Turning Stress and Trauma into Positive Change

Cheetah and Springbok A herd of springbok grazes peacefully in the Bushveld. Suddenly, the wind shifts, carrying with it a new, but familiar scent. The springboks sense danger in the air and become instantly tensed to a hair trigger of alertness. They sniff, look, and listen carefully for a few moments, but when no threat appears, the animals return to their grazing, relaxed yet vigilant. Seizing the moment, a stalking cheetah leaps from its cover of dense shrubbery. As if it were one organism, the herd springs quickly toward a protective thicket. One young springbok trips for a split second, and then recovers. But it is too late. In a blur, the cheetah lunges towards its intended victim, and the chase is on at a blazing 100 km per hour. At the moment of contact, the springbok falls to the ground, surrendering to its impending death1.

The springbok has instinctively entered an altered state of consciousness shared by all mammals when death appears imminent. Physiologists call it the “immobility” or “freezing” response which is one of the three primary responses available to reptiles and mammals when facing a threat. The other two, fight or flight, are usually more familiar to us as human beings.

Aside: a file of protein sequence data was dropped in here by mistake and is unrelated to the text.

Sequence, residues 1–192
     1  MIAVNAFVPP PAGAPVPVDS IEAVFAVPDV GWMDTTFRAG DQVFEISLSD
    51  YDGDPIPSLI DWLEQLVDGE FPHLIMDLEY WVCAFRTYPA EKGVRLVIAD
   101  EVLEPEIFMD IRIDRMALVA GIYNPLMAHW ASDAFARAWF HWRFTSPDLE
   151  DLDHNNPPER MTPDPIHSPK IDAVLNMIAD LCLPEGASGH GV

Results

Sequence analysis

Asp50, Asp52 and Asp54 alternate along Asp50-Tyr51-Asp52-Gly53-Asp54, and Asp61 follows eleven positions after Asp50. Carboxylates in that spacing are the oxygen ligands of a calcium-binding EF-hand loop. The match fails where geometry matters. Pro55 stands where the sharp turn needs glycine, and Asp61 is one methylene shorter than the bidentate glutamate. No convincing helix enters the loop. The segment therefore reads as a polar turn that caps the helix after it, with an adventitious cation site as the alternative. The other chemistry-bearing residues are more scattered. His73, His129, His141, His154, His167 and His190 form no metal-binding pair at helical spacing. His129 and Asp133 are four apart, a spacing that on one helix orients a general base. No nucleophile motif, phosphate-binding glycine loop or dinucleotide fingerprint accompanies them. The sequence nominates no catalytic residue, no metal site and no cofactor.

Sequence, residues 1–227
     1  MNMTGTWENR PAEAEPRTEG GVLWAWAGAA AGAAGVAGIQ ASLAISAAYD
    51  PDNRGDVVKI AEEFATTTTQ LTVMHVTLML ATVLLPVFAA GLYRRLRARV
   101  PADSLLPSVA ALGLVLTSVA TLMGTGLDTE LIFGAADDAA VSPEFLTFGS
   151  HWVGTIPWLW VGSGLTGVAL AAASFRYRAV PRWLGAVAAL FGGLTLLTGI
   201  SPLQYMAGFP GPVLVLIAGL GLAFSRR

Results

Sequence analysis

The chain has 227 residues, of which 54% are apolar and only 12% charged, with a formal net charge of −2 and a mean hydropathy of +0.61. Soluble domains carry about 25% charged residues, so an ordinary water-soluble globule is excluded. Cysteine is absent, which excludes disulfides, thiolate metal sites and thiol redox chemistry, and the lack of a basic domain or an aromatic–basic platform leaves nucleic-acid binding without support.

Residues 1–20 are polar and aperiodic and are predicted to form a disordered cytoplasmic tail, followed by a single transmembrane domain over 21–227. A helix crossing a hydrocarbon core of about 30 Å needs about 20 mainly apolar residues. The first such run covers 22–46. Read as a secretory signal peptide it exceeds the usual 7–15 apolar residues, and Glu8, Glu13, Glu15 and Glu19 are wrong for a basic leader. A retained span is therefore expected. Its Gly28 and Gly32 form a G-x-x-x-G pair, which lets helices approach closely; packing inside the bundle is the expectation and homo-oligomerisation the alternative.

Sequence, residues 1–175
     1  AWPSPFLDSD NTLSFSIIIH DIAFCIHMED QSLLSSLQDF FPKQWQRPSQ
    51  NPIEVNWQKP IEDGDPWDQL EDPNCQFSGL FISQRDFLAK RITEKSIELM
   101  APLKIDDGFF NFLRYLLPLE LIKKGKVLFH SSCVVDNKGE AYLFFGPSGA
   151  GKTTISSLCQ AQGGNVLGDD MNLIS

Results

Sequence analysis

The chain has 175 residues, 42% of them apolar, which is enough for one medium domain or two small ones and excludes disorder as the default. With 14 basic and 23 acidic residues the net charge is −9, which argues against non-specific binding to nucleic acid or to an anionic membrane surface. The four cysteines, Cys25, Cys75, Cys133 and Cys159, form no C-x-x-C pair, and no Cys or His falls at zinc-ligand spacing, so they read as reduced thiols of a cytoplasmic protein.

The immobility response serves two functions. When the cheetah tears the springbok apart with its claws and teeth, it won’t experience pain while being in this “frozen” state. And secondly, the immobility response is also a survival strategy. The cheetah might drag its prey to a safer place before eating it. During this time, the springbok could awaken from its frozen state and use an unguarded moment to make a hasty escape.

What is trauma?

Trauma is a shocking or stressful experience that occurs in a state of helplessness or absence of control. This can include events like natural disasters, exposure to violence, accidents, falls, serious illnesses, sudden loss, surgical procedures or birth. Newer definitions of trauma however also emphasize the cumulative effects of life’s “little traumas”. Continuous daily stress for example can reach a tipping point where we might feel overwhelmed and helpless, almost “frozen” in the situation. These conditions can lead to the same symptoms which are often displayed in post traumatic stress disorder, such as anxiety, insomnia, depression and even suicidal thoughts.

Thinking back to the springbok: if it had escaped the cheetah, would it have experienced trauma? The answer is no. The springbok would have returned to its herd and moved on with its life as if nothing happened. A similar event happening to a human being might have had serious psychological consequences. So what is the difference between humans and animals in dealing with stressful and traumatic events?

Why humans suffer from trauma